- Karen McPhail, RN, MSN., CDP
Mental Health Challenges and Suicide Risk in Older Adults: Sadly on the Rise
Sadly suicide is on the rise in older adults. Suicide is the 10th leading cause of death in the US and men over 85 and older have the highest rate of suicide in the country. Suicide in older adults is a serious concern and sadly loneliness, social isolation, lack of access to preventative health care, frailty, chronic pain, anxiety, and depression are all contributing factors that can increase an older adult’s mental health risk for suicide.
According to the Substance Abuse and Mental Health Services Administration (SAMHSA) and Administration on Aging (AoA), there are distinct signs that can point to a suicide risk. Unfortunately mental health is often not discussed during routine physician visits and wellness checks, so the subtle signs are often missed to the detriment of others.
Some of these signs based on their guidelines and my clinical practice may include:
Hopelessness, anxiety, and depression
Prior mental health challenges / suicide attempts,
Marked feelings of hopelessness,
Co-morbid general medical conditions that significantly limit functioning or life expectancy,
Pain and declining role function (e.g., loss of independence, control, cognitive changes, or loss of sense of purpose),
Social isolation and loneliness,
Dysfunctional family dynamics, estranged from family of origin, or other losses including the recent death of a loved one, partner, chronic illness, etc,
Stubbornness, inflexible personality, resistance to care, self neglect, or marked difficulty adapting to change,
Access to lethal means such as firearms,
Dysfunctional coping - alcohol, drug, or medication misuse or abuse, and judgment / impulsivity in the context of cognitive impairment.
Aging Life Care Professionals, also known as care advisors or geriatric care managers, have extensive knowledge and experience in these areas and can help individuals identify signs of suicide risk and assist in effectively and proactively navigating options and preventing escalation and tragedy.
The Aging Life Care Association surveyed its members concerning prevention of suicide in older adults. Of those surveyed, it was found that:
92% of respondents screen their clients for depression at every visit, or as needed/suspected
65% of respondents have worked with a client who has reported feeling suicidal
Once a client has signaled that they have a suicide risk, an Aging Life Care Professional will ensure that the older adults receives appropriate services and support needed to effectively meet their immediate and long term needs.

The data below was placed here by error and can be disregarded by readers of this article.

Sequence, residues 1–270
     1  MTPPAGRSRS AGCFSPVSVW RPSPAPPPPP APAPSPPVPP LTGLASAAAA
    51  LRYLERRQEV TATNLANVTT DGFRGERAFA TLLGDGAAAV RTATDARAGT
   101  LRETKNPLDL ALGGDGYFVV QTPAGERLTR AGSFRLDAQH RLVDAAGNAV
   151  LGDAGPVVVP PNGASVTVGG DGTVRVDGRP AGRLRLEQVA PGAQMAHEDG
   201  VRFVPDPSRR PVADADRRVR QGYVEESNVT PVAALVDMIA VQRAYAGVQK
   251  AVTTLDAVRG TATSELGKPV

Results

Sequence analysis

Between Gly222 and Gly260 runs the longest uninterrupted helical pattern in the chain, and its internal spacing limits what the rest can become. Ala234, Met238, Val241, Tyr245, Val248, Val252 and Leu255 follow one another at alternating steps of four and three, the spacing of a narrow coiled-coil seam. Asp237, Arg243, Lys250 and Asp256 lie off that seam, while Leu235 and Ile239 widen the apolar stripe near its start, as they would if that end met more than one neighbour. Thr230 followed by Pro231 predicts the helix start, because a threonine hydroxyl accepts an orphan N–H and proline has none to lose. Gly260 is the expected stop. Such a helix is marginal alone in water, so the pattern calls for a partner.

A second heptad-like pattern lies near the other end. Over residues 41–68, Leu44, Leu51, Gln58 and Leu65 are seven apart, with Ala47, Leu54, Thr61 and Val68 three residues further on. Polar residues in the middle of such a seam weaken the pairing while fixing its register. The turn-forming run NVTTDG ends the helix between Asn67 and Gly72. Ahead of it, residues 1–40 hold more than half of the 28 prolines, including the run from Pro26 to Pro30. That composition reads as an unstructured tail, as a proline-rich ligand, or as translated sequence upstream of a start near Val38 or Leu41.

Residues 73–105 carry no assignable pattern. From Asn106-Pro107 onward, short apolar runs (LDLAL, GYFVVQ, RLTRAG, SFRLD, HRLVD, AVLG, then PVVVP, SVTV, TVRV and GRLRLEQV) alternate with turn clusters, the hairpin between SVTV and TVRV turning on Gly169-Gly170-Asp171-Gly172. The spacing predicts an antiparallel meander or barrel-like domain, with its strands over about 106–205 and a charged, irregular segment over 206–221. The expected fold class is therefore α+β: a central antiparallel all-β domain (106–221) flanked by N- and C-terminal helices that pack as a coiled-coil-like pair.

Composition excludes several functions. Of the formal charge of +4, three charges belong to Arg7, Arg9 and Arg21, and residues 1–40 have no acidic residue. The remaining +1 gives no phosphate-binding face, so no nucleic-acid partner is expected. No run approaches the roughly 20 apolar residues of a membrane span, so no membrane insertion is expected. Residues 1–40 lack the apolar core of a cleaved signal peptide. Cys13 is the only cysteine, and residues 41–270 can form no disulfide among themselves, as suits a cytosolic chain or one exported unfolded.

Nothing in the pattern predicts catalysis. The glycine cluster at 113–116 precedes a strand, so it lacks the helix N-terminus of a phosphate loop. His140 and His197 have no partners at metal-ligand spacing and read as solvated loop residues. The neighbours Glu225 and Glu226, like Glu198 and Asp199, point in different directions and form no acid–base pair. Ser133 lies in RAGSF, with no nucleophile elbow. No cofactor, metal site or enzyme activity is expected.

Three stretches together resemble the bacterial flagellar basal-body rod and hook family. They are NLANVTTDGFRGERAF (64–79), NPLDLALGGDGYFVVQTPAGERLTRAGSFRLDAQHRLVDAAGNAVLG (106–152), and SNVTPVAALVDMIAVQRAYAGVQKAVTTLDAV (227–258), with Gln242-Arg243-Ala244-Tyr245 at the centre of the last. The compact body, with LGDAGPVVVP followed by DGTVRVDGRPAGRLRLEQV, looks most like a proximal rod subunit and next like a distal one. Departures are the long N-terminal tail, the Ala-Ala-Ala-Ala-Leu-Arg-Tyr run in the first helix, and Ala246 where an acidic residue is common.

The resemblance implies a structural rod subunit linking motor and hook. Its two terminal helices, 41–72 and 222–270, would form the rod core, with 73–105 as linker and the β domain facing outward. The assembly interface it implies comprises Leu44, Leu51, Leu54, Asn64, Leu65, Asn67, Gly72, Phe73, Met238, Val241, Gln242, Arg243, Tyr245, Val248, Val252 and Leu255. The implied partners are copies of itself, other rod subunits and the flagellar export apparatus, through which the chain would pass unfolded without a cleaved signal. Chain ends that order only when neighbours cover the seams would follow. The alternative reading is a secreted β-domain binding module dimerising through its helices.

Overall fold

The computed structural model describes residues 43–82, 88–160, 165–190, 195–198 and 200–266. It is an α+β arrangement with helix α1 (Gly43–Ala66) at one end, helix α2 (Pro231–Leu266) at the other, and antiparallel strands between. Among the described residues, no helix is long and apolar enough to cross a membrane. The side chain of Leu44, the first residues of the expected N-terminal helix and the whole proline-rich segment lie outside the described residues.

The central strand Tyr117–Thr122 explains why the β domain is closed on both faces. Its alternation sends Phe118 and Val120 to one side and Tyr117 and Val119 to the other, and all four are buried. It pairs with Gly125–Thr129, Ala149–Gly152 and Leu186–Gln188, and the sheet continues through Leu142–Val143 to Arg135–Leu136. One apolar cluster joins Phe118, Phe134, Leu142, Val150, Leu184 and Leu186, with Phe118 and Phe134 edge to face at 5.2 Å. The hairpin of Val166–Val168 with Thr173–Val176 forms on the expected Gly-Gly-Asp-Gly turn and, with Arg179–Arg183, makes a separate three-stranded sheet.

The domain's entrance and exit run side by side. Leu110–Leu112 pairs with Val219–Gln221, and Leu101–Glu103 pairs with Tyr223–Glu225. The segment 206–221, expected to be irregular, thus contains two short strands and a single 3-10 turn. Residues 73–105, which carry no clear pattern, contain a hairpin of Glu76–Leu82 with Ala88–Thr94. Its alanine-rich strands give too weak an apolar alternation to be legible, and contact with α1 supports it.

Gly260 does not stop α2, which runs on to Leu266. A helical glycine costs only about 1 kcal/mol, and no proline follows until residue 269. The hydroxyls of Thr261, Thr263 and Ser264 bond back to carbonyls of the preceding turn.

These critical steps may include:
Assess and establish trust with the individual.
Provide counseling and opportunities to express their feelings, concerns, and needs.
Coordinate and ensure that the client receives individualized care and ongoing support for mental and physical health challenges.
Work with the client’s medical providers to ensure the client’s emotional health, mood, and pain is adequately managed
Identify and address substance abuse problems (including OTC, and prescription drugs).
Encourage and coordinate opportunities for social support and connectedness to prevent social isolation and loneliness.
Help the client engage in meaningful activities base don expressed wishes to maximize the client’s quality of life.
Ensure the client has adequate support and assistance to address identified functional and cognitive changes
Help the client strengthen their ability to cope with and adapt to change; provide them with opportunities to have purpose and control over realistic areas.
Focus on what they do well and encourage growth along this path.
Provide emotional support to the client and the family system.
Refer the client to appropriate medical and therapeutic services (i.e., psychiatry, psychotherapy, support groups, memory cafes, etc.)
Reach out via our contacts tab if you need assistance in this area! We are here to help assess, support, and intervene. Utilizing an Aging Life Care Professional who has extensive mental health experience to assess for cognitive impairment and depression and to find creative ways to resolve dysfunctional patterns is critical to successful outcomes.
If you believe that your older loved one’s risk is urgent, or you are feeling suicidal, please call the National Suicide Prevention Lifeline at 1-800-273-8255. They are available 24 hours a day.
Substance Abuse and Mental Health Services Administration (SAMHSA)
Administration on Aging (AoA)